Taiwan: Brawl in parliament postpones debate and vote on legislative reform

A lawmaker from the ruling party, the DPP, ran out with the documents of the law that gives more power to the country's legislative branch, in which the opposition party KMT currently holds more seats.

A brawl caused chaos in the Legislative Yuan, Taiwan's parliament, this Friday, in the midst of debate over the reform of the legislative body's rules just a few days before the beginning of president-elect Lai Ching-te's term is set to begin.

Taiwan's legislative branch is a unicameral assembly, which was the scene of a massive fight between representatives from the two main parties.

According to reports, during the brawl, a member of the Democratic Progressive Party brawl jumped onto the presidential table and grab the bill's documents. The objective was to escape with them to prevent the plenary session from being held this Friday .

In the center of this open brawl, which was recorded and seen around the world, there is a reform of the code for the parliament, which is opposed by the party in government, which holds a minority in the Legislative Yuan, the Democratic Progressive Party (DPP). In favor of reform is the conservative and pro-China party, Kuomintang (KMT).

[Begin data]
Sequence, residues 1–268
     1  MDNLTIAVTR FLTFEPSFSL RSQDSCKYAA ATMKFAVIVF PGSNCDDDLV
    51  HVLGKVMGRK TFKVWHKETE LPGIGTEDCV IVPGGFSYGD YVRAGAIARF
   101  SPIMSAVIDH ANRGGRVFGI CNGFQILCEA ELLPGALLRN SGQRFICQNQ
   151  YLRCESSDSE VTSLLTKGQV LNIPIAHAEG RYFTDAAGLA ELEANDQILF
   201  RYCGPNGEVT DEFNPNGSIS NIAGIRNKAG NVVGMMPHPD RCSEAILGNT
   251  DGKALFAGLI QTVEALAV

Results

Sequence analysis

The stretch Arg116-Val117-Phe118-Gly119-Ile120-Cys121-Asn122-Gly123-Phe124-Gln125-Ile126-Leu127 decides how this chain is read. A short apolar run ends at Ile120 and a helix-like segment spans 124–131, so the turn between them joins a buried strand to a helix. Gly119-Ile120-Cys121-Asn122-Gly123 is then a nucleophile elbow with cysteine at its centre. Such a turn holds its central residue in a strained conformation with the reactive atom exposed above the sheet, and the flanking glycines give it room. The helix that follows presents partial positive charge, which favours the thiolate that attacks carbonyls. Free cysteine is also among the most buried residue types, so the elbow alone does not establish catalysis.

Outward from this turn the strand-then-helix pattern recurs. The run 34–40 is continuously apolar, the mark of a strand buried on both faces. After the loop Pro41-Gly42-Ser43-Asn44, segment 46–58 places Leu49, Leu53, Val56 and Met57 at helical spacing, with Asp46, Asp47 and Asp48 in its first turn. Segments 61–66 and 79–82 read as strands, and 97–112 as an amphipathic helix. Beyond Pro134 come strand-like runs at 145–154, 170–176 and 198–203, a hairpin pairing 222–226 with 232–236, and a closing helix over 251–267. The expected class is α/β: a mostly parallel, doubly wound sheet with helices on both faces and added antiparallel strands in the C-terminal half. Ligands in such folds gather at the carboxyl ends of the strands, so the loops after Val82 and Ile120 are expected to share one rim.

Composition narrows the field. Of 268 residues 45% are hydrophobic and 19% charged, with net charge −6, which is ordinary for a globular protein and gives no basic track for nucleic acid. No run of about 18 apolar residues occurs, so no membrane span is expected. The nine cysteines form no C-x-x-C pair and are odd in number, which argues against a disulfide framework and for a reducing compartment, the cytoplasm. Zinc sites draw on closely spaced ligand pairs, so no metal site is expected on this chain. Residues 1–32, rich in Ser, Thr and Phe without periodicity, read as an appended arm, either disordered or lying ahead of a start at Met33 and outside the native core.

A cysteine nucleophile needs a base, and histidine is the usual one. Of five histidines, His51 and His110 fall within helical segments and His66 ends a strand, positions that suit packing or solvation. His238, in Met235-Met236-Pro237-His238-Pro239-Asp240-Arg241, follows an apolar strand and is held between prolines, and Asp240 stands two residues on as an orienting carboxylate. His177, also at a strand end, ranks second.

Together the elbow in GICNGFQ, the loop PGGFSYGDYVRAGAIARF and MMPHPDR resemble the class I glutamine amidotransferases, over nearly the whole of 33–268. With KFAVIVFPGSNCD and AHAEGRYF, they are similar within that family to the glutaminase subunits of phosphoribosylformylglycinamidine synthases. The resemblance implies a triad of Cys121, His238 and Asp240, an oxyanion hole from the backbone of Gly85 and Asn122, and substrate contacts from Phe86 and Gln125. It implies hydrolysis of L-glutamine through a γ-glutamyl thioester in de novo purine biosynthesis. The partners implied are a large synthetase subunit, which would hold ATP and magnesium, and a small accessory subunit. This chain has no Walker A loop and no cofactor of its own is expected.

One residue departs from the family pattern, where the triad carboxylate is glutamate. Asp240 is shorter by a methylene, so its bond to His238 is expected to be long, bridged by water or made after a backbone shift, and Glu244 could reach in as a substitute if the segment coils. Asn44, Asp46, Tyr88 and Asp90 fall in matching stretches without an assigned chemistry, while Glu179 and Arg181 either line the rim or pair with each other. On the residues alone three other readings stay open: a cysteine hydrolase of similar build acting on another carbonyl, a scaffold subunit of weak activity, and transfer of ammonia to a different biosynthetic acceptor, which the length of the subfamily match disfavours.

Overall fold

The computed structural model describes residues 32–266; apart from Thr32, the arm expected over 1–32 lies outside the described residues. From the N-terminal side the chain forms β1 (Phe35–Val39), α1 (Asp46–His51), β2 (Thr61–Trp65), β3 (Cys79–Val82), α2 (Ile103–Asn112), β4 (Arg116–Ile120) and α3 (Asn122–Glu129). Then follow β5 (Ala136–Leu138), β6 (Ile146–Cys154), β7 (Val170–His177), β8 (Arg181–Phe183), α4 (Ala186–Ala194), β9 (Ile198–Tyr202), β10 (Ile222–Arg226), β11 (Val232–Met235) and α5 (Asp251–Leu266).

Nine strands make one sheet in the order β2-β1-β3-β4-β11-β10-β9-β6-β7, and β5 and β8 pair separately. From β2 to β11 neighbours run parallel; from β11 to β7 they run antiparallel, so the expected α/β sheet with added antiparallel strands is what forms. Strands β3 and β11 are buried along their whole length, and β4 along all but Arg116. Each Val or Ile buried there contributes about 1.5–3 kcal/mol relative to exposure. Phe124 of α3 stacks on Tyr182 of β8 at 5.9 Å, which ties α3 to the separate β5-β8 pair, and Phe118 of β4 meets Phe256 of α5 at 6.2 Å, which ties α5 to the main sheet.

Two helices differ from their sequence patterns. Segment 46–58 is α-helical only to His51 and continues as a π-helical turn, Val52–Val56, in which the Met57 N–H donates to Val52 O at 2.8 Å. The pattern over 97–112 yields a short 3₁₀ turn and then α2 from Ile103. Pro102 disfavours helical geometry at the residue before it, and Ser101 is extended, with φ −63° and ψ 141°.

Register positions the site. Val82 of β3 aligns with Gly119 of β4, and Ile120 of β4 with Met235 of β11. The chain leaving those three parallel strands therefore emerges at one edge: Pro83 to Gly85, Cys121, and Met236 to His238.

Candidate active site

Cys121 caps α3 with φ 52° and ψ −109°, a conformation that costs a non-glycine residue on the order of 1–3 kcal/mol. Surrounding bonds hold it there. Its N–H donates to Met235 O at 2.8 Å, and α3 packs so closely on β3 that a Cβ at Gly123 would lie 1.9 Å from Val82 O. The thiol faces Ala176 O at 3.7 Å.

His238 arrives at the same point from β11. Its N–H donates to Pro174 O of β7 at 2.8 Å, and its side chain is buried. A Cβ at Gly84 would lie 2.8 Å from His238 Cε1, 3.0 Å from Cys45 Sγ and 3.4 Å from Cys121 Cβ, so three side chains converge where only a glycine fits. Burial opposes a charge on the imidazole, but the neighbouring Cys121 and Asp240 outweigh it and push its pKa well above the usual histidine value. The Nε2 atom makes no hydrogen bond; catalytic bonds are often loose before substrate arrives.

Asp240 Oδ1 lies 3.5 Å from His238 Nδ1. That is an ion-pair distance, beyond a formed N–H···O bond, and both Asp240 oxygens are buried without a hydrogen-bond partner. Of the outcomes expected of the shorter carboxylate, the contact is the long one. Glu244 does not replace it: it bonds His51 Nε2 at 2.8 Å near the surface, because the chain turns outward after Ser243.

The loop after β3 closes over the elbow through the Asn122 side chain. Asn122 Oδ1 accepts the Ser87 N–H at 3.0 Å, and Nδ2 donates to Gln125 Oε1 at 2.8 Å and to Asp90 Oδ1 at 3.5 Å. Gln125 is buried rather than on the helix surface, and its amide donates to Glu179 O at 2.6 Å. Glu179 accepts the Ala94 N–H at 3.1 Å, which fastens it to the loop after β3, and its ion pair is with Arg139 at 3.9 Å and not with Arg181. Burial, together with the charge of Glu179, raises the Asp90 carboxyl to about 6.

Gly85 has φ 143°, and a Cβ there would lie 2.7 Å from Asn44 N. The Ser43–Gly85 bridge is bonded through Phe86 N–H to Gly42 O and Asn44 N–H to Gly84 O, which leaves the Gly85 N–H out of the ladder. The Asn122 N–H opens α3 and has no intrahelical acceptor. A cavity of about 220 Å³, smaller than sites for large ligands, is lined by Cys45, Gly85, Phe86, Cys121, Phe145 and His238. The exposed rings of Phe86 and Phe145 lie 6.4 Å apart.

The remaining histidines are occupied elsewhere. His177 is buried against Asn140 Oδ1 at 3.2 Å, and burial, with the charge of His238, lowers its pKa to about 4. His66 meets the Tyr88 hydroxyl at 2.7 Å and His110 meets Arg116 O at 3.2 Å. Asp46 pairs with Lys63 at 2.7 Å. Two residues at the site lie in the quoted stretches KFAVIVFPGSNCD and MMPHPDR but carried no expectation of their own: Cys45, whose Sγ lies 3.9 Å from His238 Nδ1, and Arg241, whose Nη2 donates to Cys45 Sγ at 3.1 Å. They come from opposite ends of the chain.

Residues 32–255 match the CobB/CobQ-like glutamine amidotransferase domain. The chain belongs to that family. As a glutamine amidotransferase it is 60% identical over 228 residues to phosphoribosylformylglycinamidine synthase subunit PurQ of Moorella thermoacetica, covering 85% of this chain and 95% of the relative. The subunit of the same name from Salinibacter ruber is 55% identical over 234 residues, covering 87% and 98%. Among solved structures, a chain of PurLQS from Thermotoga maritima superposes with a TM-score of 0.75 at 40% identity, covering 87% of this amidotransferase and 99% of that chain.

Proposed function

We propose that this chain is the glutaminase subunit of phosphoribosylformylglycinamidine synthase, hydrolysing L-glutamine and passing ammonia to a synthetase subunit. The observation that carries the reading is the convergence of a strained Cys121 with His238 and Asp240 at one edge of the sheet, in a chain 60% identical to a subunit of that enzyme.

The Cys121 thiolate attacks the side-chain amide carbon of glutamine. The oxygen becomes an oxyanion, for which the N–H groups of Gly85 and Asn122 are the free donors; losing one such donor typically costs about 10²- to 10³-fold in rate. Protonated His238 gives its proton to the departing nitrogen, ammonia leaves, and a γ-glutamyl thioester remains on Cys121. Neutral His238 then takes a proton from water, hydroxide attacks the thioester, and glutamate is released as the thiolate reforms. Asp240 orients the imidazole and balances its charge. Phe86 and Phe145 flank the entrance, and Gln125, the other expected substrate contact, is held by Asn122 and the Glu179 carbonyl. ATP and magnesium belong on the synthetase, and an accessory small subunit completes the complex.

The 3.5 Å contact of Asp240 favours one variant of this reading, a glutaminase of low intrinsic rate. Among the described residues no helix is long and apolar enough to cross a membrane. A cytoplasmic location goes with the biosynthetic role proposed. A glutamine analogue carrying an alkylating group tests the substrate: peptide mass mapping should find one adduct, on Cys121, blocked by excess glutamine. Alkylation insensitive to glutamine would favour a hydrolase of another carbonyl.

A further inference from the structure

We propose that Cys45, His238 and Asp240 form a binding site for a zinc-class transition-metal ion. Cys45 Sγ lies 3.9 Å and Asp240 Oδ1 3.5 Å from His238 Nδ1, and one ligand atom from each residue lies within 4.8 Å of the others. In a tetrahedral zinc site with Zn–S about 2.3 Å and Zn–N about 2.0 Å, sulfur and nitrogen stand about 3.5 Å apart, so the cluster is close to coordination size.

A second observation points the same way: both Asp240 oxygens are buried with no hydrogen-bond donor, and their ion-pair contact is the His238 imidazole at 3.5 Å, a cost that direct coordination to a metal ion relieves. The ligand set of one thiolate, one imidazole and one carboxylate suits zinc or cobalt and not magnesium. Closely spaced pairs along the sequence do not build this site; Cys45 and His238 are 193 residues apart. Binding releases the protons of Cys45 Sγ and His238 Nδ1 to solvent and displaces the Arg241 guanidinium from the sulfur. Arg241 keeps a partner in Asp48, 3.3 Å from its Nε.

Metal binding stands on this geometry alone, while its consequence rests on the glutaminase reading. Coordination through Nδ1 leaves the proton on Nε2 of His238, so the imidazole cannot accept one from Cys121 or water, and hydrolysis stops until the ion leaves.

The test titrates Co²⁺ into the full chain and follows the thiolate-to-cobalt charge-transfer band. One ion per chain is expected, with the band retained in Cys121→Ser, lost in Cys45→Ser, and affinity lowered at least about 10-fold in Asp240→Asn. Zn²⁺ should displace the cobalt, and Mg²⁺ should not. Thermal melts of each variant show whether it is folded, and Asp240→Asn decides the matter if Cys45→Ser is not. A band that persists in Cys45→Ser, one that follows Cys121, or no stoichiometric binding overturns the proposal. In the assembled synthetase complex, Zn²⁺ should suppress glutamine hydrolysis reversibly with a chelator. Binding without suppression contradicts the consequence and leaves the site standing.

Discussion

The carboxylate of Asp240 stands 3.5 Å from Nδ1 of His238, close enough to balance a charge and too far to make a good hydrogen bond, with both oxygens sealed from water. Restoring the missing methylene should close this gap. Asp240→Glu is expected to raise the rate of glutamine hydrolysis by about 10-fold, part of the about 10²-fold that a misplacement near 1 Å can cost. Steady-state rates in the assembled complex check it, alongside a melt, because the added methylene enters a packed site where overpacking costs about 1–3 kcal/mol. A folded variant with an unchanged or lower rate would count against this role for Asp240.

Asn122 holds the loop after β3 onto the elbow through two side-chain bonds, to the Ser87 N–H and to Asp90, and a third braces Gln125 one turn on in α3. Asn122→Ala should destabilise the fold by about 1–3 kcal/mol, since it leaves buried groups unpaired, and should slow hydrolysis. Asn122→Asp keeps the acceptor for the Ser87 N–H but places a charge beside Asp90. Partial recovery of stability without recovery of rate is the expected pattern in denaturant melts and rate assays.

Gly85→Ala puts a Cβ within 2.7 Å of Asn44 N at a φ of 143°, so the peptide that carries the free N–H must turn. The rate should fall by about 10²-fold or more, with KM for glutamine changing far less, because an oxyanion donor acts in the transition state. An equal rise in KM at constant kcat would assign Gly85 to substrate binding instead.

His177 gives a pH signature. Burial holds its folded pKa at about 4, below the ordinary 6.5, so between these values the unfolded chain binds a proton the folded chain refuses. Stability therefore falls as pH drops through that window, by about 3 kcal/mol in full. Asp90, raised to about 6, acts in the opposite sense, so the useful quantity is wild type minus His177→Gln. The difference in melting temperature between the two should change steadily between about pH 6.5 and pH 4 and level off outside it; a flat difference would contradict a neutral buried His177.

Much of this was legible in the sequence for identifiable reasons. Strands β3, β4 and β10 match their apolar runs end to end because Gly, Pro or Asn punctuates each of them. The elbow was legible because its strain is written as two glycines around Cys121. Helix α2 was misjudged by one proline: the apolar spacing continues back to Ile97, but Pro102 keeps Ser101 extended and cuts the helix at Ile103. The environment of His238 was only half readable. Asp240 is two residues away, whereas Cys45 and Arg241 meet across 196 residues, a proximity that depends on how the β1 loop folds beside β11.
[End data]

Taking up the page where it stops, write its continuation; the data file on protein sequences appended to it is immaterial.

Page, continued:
The reform, which is backed by KMT, would give the legislative body more powers to supervise the Taiwanese executive branch. For the DPP, this move by the Kuomintang aims to pull the rug out from under the feet of the executive, which has been in the hands of the DPP since 2016.

With Lai Ching-te's presidential victory this year, the Taiwanese government will be in the hands of the DPP for at least another four years, which reverses historical trend in favor of KMT, who formed the first governments on the island as a legacy of Chiang Kai-shek, a military leader who ruled in Taiwan for more than 25 years after the schism with mainland China. Kuomintang is a political party greatly influenced by Chinese intelligence services.